The western foxsnake adult may be up to 54 inches long. An average of 41 (range of 35 to 57) large, dark blotches are located on the midline of the back. Smaller dark blotches are present along each side. The background color is yellow to light brown. The head is orange-brown to red-brown and usually does not show distinct markings. The belly is yellow with black marks. The anal plate is divided. Scales are weakly keeled.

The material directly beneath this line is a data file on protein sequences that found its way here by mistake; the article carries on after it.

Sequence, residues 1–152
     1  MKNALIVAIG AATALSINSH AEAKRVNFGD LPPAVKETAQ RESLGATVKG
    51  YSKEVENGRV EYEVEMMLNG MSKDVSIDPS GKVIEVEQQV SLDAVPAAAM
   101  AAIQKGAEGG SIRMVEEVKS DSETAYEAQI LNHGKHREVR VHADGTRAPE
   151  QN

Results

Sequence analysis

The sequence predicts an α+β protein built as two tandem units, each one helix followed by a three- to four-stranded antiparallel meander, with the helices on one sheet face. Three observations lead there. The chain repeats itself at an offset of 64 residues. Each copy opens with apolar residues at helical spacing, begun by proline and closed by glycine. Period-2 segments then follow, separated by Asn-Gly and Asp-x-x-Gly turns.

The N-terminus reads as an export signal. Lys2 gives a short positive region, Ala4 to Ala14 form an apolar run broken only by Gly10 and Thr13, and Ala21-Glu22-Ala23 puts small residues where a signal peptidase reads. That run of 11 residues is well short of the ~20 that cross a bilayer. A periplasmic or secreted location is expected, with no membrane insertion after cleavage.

The western foxsnake can be found in farm fields, open areas and wetlands in extreme northwestern Illinois. When threatened, this species coils, raises its head, strikes and vibrates its tail. The vibrating tail may cause a sound to be made if it is striking dead vegetation. This beneficial snake is not venomous. It eats small rodents, small birds and bird eggs. After mating, the female lays eight to 27 eggs in June or July. The eggs stick to each other and are placed in rotting logs, rotting stumps, leaf litter or sawdust piles. The name “foxsnake” comes from an odor given off by scent glands at the base of the tail. The odor is said to be similar in smell to that of scent given off by a red fox.